around the Middle East.
“You see, a child can lose weight based on their genetics, dietary habits and so on. But from my time here in Oman, I feel that it is
the ignorance of the parents and other family members that leads
to this situation.
“Children are always growing and every single morsel is considered a building block in the child’s development. The mother’s milk, for instance, is very important for the child. But again, there are cases where I see that it is overdone.
“The child needs the right quantity of micro-nutrients to grow healthily. A child must be given semi-liquid (mushy) foods when they are three months old. Just a teaspoon of that is necessary to provide the child with the vitamins required for growth.
“And by the time the child reaches the six months’ mark, they should be reamed off the mother’s milk.”
The National Nutrition Survey 2017 also distinctly points out that early initiation of breastfeeding is reasonably good, but other indicators of infant and child feeding are suboptimal.
However, before you deduce your child underweight, it’s best to consult your local paediatrician or nutritionist.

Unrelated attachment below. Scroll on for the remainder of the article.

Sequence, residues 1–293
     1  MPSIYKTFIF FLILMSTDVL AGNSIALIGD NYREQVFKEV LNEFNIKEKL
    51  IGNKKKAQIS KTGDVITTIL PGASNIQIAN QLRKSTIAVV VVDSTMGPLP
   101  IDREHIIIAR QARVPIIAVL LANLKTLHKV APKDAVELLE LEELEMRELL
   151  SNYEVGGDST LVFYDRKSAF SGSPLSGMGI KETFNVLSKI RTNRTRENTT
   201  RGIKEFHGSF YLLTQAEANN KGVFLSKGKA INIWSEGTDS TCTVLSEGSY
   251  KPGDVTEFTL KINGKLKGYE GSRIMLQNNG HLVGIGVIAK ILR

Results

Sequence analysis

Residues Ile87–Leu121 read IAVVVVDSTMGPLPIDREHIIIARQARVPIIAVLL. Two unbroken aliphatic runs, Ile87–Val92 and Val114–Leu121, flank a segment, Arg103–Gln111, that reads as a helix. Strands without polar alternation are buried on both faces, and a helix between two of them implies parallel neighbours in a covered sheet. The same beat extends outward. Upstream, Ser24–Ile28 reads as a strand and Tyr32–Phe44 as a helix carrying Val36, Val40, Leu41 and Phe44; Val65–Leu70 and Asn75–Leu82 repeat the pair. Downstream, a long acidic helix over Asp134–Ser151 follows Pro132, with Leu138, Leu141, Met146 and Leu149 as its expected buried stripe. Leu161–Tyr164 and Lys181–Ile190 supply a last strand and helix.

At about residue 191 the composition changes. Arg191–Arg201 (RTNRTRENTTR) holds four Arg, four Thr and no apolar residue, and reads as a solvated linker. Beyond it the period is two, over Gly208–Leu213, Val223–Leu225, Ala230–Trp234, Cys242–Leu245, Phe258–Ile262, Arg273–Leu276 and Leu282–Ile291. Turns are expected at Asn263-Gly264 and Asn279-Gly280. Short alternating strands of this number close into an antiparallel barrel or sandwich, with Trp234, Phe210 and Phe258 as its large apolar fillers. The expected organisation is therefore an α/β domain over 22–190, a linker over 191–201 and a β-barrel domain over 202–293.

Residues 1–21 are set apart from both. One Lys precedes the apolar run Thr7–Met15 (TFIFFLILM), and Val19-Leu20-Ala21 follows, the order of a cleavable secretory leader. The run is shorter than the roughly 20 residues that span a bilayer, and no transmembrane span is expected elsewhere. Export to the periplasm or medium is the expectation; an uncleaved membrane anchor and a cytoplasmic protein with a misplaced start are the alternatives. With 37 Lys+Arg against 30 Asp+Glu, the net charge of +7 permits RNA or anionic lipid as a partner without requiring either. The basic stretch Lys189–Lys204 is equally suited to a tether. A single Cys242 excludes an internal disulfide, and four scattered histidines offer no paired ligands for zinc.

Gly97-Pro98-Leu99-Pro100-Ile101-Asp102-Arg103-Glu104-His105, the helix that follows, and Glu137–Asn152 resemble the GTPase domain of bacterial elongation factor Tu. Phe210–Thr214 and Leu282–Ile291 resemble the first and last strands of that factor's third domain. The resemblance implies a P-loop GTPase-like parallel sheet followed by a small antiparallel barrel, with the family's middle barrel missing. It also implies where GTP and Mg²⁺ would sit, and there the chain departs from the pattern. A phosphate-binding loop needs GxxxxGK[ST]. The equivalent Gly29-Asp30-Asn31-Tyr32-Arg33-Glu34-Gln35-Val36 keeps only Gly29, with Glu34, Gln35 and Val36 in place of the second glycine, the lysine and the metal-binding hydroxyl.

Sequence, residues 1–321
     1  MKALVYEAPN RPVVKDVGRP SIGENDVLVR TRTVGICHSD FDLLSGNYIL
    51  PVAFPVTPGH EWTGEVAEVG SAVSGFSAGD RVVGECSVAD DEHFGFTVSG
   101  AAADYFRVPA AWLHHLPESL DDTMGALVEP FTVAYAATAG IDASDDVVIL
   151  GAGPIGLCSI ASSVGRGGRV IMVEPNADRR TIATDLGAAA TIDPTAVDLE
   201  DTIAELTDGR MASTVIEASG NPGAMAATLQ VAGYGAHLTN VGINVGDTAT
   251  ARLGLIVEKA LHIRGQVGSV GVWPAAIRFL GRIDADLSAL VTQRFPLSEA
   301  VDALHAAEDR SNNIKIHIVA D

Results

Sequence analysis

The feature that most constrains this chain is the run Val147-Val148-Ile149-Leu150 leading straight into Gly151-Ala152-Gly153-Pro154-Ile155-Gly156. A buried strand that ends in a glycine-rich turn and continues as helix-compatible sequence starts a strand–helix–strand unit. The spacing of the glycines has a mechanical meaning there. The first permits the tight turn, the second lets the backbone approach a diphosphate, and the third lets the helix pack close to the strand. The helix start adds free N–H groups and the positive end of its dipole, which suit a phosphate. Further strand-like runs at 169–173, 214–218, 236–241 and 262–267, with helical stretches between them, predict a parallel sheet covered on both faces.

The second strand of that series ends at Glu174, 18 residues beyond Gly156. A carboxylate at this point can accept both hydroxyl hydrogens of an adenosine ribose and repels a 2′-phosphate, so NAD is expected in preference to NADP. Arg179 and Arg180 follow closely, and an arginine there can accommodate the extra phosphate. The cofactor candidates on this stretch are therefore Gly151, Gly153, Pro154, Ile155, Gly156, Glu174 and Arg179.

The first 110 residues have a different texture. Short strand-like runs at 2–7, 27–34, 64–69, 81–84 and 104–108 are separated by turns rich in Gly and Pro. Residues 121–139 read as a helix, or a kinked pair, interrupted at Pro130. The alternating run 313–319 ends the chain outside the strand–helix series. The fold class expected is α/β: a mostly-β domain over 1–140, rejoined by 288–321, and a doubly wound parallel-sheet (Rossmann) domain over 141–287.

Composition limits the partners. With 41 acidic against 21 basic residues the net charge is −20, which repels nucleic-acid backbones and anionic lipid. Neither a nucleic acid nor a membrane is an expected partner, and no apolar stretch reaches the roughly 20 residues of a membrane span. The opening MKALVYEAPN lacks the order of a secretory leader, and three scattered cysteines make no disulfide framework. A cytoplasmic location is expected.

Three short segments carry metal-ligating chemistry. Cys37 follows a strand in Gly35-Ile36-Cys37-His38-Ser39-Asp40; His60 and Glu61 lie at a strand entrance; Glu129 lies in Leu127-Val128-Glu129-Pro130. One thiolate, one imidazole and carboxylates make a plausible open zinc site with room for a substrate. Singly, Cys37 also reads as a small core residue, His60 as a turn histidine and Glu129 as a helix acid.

Parents are the best judge
Pediatrician Dr Qais (name changed for legal purposes) with a leading private hospital in Oman says: “Every child is different – and their bodies differ. The optimal weight of the child cannot be determined by just looking at the child.
“Some kids are tall, short and some are stout.The concern is when you observe that your child’s weight percentile is declining on a regular basis. And as a parent, you’re the best judge for that.
“You must keep track of every change in the child – including those that are physical and emotional.
“If you notice that your child’s clothes are loose, or he or she isn’t growing out of their clothes, then it’s time to visit the doctor. Schedule an appointment with a paediatrician. Another sign is when you begin to see the child’s ribs. It’s a tell-tale sign that your child is underweight,” he adds.
But a consensus – throughout our meetings with doctors – regarding this topic teaches us that inadequate food intake is the root cause of underweight kids.
“Let’s face it: Children can be picky when it comes to food. And sometimes the parents just must put their foot down and facilitate healthy eating.
“But if you see that the child’s body still doesn’t respond to it, then it could be because of other medical issues. For example, children who fall ill regularly are constantly under medication, or have hormonal or digestive problems can find themselves absorbing lesser nutrients than many kids in their age.”
The doctor then goes on to tell that it is also a growing matter of concern in prematurely born children: “A child who has been born prematurely tend to be underweight because their growth can be a bit gradual.”